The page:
“He’s asleep,” Gerard began, keeping his voice low and even; the last thing he wanted to do was to have Mikey worry. “He seems basically okay, but I just want to have the Doc look over him.”

Mikey moved forward as if to head for Gerard’s bedroom, only to be stopped by a hand pressed lightly on his chest.

“I want to see him,” Mikey complained, frowning and trying to push past.

This time, Gerard took hold of his arms and forcibly held him back.

“Wait for Dr Roby,” he nodded to emphasise what he was saying. “Let her in when she comes.”
“He’s not just your friend, Gee!” Mikey pouted at what he saw as his brother trying to pull rank.

Mikey was surprised when, without saying a word, Gerard pulled him suddenly into a affectionate hug.

“Gee?” Mikey’s voice grew uncertain and concerned. “Is he really okay?”
“I think so, Mikes,” Gerard replied in as soothing a voice as he could muster.
“Then... then why can’t I see him?”
“You can, just not now,” Gerard pulled back slightly and looked down at his younger brother’s concerned expression. “I’m just going to have a chat with Edward, that’s all.”
“What about?” Mikey pouted.
“And you have to do it in there?”

Gerard sighed and smiled; Mikey just wanted to see Frankie.

“No,” he paused. “Where’s Petra?”
“Gone,” Mikey rolled his eyes. “To see Korse probably. She’s a big help in an emergency.”
“Isn’t she just?” Gerard smirked. “Okay, you sit with Frankie and we’ll chat in the living room.”
“Thanks, Gee!” Mikey beamed a broad smile.
“Ask Edward to come out to the living room,” Gerard watched Mikey almost run to his bedroom before calling after him. “Oh, and Mikes?”
“Yeah?” He replied, turning whilst still moving backwards.
“Don’t try to wake him! Let him sleep.”
“Well, duh!” Mikey pulled a face and waved his arms out to the side, replying as if the point were obvious, but inside he grumbled lightly to himself.

Gerard allowed himself a crooked smile as he headed back to the living room; he knew Mikey would still try to wake him then insist that he simply woke. Settling on the couch, he waited for Edward.


Korse crossed his arms and stared with a cold, hard glare at and almost through Petra who stood opposite him. The small, dark and sparsely furnished meeting room sequestered for their conversation now seemed suffocatingly cramped to Petra who appeared to physically crumple under his gaze. Her determination and resolve, however, were unwavering.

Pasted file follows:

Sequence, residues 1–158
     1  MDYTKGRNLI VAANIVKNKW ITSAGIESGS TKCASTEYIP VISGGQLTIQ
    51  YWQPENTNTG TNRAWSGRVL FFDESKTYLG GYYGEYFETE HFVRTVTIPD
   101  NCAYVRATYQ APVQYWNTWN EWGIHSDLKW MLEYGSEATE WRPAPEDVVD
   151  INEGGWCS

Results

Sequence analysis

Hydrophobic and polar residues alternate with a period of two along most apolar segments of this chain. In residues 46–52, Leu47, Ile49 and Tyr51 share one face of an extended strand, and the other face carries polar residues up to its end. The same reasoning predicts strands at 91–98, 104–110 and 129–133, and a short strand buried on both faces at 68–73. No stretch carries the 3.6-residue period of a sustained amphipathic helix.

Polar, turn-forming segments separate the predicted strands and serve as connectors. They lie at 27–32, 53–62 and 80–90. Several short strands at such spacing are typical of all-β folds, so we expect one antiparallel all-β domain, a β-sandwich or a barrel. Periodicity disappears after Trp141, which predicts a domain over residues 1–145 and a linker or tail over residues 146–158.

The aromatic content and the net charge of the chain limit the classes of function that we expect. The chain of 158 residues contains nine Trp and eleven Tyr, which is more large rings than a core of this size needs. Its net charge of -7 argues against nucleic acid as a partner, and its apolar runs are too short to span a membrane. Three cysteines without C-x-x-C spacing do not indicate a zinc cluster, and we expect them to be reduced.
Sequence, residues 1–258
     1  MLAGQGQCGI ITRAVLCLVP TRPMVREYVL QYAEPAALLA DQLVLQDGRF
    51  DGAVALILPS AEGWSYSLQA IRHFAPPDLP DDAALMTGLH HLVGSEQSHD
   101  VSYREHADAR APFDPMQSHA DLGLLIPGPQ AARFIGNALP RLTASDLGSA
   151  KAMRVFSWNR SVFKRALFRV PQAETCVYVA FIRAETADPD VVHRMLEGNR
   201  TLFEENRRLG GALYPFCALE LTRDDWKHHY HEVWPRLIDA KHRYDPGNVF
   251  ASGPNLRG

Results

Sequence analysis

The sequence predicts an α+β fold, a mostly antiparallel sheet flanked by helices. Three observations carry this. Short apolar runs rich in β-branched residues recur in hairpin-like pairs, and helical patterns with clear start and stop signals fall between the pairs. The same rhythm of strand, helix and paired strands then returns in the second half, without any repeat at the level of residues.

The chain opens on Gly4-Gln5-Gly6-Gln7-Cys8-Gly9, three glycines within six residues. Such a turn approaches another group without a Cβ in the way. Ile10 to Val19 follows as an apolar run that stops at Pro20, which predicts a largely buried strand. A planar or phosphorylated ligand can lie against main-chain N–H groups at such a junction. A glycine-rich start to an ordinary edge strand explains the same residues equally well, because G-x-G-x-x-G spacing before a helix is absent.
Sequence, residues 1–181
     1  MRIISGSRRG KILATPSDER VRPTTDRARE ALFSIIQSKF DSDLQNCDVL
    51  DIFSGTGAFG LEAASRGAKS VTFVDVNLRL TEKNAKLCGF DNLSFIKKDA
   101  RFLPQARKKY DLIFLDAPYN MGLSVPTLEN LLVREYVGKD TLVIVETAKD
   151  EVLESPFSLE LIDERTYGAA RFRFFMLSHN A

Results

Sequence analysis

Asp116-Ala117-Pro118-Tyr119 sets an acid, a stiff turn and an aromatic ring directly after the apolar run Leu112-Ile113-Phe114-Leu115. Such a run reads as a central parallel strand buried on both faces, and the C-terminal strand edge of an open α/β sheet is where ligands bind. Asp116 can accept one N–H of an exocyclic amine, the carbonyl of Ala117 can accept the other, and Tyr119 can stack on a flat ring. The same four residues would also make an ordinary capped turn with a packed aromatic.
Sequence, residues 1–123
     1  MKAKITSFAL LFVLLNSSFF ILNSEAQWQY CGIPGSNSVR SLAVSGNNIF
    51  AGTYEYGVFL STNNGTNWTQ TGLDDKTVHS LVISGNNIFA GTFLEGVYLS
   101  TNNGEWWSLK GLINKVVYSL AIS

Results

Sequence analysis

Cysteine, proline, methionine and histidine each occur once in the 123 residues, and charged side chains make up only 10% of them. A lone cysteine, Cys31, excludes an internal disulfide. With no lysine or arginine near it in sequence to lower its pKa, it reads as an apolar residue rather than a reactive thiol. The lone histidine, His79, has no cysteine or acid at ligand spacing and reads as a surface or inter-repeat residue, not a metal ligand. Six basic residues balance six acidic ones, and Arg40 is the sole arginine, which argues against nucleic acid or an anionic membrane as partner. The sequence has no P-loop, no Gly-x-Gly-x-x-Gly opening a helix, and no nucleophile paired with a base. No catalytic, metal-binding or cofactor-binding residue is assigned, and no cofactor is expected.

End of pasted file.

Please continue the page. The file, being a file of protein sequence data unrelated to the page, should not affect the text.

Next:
“You realise that what you are suggesting is very serious?” Korse finally spoke, each word emerging slowly and with venom.

Petra swallowed and took a sharp breath before replying.

“I do,” she replied. “I believe he is faking loyalty to BLI. I almost proved it tonight and I would have but for that brat running away from home, again!”
“What you’re saying is that I failed with his indoctrination.”

Petra paled; she had considered the idea that Korse was being lied to and tricked, but not that he could take it as a personal failure.

“I don’t think you did fail,” she finally managed. “I think he learned from Mikey how to behave afterwards and faked it before it had taken full effect. You would have had no reason to believe it hadn’t worked.”
“Failed indoctrination does not make him a rebel sympathiser,” Korse rounded the desk and approached Petra, looking down as he towered over her striking an imposing figure. “What reason do you have to believe that?”
“He was almost physically sick at the idea of ordering the deaths of the rebel traitors. He wouldn’t have done it, he couldn’t!”

Korse shook his head lightly; Gerard was only thirteen. It was a lot to ask of the boy. It meant nothing. About to dismiss her reasoning, Korse grew livid as he heard her next statement.

“And he’s refusing to take the medication.”
“What medication?” Korse frowned, at first puzzled.
“Oh, er... Kanslokal, sir,” she replied almost tripping on the words as she realised she had spoken about it by mistake.
“Kanslokal?” Korse narrowed his eyes as a deep frown creased his brow. “Who prescribed that? And on whose orders?”

The cold, clipped and smoothly spoken words did more to terrify Petra than if he had yelled at her and she paled still further, trembling, her voice shaking as she tried to find some words that would prevent her from falling foul of his wrath.

“I thought that if he...”
“You thought?” Korse raised an eyebrow. “You? Thought?”
“Sir... I...”
“I don’t pay you to think!” He stormed. “Do you have any concept of what those pills would do to a thirteen year old boy?”